Our aging air traffic control network doesn't only affect safety, it has an impact on delays, cancellations and efficiency in general. Controllers still rely on radar to guide aircraft, and there's a bit of finesse needed to make it all work.
For example, according to the New York Times, "When aircraft are crossing the Gulf of Mexico on the same compass heading, they leave airports 10 minutes apart because each must be surrounded by 100 square miles of 'sanitized' space to avoid accidents. This curtails service." With the new Automatic Dependent Surveillance — Broadcast system (or ADS-B), all of that mess could be a thing of the past.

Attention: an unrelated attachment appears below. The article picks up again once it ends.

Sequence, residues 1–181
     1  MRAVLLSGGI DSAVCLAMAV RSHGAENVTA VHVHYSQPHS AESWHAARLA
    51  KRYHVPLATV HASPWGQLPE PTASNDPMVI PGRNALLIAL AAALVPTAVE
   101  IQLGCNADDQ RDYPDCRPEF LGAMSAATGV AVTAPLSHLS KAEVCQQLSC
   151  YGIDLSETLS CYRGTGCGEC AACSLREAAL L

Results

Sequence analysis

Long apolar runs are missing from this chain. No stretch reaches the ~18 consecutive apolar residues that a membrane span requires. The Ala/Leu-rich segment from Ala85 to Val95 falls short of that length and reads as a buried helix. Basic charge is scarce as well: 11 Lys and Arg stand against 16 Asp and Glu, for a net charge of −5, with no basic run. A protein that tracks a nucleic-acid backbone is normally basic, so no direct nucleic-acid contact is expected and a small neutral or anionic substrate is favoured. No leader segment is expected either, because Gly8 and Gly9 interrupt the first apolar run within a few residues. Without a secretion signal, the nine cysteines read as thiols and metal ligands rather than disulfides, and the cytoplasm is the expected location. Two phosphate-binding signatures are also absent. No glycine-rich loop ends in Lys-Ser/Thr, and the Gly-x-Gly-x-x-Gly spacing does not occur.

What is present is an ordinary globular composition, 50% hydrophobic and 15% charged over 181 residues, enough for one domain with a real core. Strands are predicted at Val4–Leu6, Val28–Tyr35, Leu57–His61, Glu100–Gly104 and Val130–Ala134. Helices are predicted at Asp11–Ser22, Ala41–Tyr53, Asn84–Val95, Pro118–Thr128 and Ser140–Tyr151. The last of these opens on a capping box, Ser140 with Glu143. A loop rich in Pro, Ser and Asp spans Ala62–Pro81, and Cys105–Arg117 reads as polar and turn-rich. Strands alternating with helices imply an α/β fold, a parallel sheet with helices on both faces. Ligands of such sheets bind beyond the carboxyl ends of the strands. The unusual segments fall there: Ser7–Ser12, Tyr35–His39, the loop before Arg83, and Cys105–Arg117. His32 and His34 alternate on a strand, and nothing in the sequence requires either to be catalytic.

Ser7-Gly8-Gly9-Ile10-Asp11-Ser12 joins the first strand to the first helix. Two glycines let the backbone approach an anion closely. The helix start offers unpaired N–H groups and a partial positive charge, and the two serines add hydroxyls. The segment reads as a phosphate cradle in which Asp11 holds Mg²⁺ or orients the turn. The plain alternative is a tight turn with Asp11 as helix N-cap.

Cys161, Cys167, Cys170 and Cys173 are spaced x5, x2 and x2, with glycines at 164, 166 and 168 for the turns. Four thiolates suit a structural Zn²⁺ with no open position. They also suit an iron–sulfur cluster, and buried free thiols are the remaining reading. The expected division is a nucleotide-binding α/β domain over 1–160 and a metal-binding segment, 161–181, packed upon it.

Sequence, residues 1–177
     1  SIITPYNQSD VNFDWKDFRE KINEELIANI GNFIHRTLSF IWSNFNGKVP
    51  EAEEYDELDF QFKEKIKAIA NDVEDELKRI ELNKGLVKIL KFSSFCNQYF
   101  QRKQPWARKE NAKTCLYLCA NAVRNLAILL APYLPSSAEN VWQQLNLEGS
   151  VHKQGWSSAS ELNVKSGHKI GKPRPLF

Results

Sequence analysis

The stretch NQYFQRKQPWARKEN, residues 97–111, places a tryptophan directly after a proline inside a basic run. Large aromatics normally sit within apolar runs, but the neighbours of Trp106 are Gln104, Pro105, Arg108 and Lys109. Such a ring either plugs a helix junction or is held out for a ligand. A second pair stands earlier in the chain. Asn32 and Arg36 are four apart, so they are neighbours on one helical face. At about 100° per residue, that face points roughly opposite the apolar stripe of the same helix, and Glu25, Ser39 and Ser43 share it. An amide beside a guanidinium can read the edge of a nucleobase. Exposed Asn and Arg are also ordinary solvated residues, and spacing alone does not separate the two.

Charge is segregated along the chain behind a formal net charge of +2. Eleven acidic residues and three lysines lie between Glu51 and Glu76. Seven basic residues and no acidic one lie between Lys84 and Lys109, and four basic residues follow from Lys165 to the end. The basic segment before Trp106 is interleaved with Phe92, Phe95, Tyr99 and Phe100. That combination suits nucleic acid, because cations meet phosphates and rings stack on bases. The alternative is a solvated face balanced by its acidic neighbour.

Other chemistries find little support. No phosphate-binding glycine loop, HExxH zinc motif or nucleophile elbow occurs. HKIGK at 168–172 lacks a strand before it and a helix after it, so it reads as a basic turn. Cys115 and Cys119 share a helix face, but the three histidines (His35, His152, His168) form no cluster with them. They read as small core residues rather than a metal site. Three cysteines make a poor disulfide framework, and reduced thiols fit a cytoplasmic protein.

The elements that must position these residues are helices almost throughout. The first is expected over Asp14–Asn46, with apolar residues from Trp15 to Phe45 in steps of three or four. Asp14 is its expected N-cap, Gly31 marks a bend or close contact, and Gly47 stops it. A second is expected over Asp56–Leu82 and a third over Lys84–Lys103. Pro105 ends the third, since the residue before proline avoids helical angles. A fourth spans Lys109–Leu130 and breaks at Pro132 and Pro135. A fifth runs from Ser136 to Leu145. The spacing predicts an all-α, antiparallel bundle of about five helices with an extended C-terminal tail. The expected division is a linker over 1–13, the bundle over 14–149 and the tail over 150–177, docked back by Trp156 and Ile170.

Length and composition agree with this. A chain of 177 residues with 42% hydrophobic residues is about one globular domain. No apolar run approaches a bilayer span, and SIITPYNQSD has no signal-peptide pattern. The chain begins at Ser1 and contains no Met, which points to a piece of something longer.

Where radar provides a series of blips and requires a pilot speak with controllers on the ground to get a read on where other aircraft are, ADS-B would provide both pilots and ground crew with a detailed look at the airspace using GPS. For the first time, a pilot can get a read on the terrain around him, see where all the airports are and even the location of other aircraft.
The radar gear won't all be thrown out, however. ADS-B is part of the Next Generation Air Transportation System, an initiative by the FAA to overhaul the air traffic control network by 2025. ADS-B is the shape the planned upgrade is taking; radar will remain as a backup in case of emergency.
Via New York Times